Cancer has proven itself as a formidable obstacle in the scientific research community. While other scientists investigate potential cancer treatments and cures in their respective fields, some organic chemists have synthesized new compounds that show potential in fighting cancer ability by combining characteristics from bioreductive drugs and vascular disrupting agents (VDAs). An integrated compound containing similar structure of both combretastatin A-4 (a vascular disrupting agent), and tirapazamine (a bioreductive drug), was designed as a novel, prospective anti-cancer agent which could potentially be more effective in halting tumor growth. Due to time limitations, the final target molecule has not been synthesized to date. Nevertheless, an intermediate molecule along a synthesis scheme was prepared. Further investigation will focus on converting this intermediate to the target molecule.

PIPER PLATE WASTE STUDY

Liza Gill
Heritage High School
Saginaw, Michigan

Faculty Mentor:
Dr. Janelle Walter
Department of Family and Consumer Sciences
Baylor University

As the percentage of people in the United States with heart disease and diabetes continues to rise, and the obesity epidemic in the United States becomes more apparent, it becomes clearer that healthy eating habits should begin at a young age. The purpose of this study was to determine whether the menu at the Piper Child Development Center is nutritionally adequate and to make suggestions as to how to improve it, if necessary. The menu was analyzed for a lunch meal on a specific day (when measurements of the amount of food provided and returned by the children would be obtained) and for two weeks (based on estimates of the amount of food the children would eat). The day that children were observed eating, measurements were made of amount of food served, amount of food returned, and the nutritional value of the calculated amount of food eaten using EatRight analysis for children two years old and four years old. The results from the single day analysis showed that the children were underserved in energy, several vitamins and minerals, and consumed too much protein and fat. For further study, a more exact measure of nutrient intake could be obtained for food eaten over a 5 day period and included all of the food served at the center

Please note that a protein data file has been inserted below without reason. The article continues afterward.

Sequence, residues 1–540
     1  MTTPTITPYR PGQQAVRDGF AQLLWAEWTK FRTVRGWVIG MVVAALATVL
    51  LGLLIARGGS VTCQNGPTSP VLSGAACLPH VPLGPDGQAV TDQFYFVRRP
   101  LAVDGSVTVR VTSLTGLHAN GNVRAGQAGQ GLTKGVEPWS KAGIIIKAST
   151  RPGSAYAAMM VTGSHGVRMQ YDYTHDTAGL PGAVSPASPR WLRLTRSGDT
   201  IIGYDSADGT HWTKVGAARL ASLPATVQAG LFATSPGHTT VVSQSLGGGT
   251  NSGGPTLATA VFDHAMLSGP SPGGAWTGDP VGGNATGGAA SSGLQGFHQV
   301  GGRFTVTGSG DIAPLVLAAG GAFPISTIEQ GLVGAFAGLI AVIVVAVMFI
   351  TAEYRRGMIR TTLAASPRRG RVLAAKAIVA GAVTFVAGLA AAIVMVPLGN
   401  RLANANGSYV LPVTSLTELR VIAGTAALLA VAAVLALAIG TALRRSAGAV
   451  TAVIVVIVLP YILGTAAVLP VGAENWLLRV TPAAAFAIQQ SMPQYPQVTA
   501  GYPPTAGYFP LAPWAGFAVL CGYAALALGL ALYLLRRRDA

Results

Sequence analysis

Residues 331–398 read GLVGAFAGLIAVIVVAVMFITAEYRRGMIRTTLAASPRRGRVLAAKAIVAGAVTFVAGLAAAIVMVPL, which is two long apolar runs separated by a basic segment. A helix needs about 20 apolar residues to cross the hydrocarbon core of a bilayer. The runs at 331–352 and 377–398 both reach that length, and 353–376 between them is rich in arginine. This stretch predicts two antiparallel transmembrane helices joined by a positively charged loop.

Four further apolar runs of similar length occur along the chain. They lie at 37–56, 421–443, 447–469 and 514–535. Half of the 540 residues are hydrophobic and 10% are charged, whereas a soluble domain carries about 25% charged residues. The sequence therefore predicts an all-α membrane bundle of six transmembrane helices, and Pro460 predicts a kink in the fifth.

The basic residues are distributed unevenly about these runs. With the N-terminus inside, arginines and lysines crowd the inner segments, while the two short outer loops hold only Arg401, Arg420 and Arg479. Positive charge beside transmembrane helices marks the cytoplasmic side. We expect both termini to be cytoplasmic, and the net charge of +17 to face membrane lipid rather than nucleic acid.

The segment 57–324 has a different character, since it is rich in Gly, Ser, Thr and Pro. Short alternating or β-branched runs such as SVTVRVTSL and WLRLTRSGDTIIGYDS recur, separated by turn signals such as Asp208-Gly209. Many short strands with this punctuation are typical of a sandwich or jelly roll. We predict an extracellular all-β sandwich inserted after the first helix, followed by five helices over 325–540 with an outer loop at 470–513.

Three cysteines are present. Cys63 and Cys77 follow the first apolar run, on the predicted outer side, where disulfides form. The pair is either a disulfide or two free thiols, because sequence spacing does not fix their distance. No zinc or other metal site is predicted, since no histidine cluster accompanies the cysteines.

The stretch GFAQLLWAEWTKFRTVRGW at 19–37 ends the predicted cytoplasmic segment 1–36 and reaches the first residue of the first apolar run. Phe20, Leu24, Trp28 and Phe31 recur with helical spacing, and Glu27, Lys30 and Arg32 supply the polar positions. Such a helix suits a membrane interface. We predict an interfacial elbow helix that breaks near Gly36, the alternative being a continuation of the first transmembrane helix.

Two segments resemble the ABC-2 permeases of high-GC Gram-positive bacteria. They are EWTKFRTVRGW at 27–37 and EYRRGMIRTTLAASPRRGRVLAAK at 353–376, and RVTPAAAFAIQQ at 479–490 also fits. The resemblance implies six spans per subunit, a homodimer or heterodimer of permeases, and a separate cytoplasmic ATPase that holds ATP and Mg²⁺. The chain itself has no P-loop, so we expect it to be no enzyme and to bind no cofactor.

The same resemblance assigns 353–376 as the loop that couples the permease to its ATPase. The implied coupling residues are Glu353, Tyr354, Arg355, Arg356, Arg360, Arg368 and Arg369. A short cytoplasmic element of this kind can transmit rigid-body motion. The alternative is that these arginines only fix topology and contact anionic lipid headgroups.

SYNTHESIS AND TISSUE MODIFICATION TO AID IN MENISCAL INJURIES

Girish Sastry
Trinity Preparatory School
Winter Park, Florida

Faculty Mentor:
Dr. Bob Kane
Department of Chemistry/Biochemistry
Baylor University

Synthesis of compounds to covalently modify tissue surfaces in a spatially-defined manner has been shown to be possible. The use of polymeric adhesives as tissue bonding agents is also possible, but not ideal because of the bulk chemical residue left on the tissue. The desire for a more viable organic bonding agent prompted this research. Past experiments depended on the reactivity of endogenous amine groups. In this work however, a different strategy involving a non-polymeric, low-molecular weight organic crosslinker was explored. Bond-strength testing with a force gauge revealed adhesion that far surpassed previous photochemical or organic compound-mediated bonding. The results of this experiment suggest that low molecular weight organic compounds are viable as organic bonding agents to heal meniscal tears.

COMPLEX PLASMAS: THE PROCESS OF SPLITTING

Jay Shiao
Plano Senior High School
Plano, Texas

Faculty Mentor:
Dr. Truell Hyde
Department of Physics
Baylor University